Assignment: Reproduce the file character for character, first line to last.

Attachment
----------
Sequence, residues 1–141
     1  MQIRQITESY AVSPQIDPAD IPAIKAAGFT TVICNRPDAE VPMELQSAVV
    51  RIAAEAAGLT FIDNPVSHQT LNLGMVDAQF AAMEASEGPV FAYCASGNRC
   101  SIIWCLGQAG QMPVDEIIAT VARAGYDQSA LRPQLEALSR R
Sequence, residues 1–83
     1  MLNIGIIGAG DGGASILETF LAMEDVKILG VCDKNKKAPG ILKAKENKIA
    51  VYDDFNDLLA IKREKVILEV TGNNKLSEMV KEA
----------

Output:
Sequence, residues 1–141
     1  MQIRQITESY AVSPQIDPAD IPAIKAAGFT TVICNRPDAE VPMELQSAVV
    51  RIAAEAAGLT FIDNPVSHQT LNLGMVDAQF AAMEASEGPV FAYCASGNRC
   101  SIIWCLGQAG QMPVDEIIAT VARAGYDQSA LRPQLEALSR R
Sequence, residues 1–83
     1  MLNIGIIGAG DGGASILETF LAMEDVKILG VCDKNKKAPG ILKAKENKIA
    51  VYDDFNDLLA IKREKVILEV TGNNKLSEMV KEA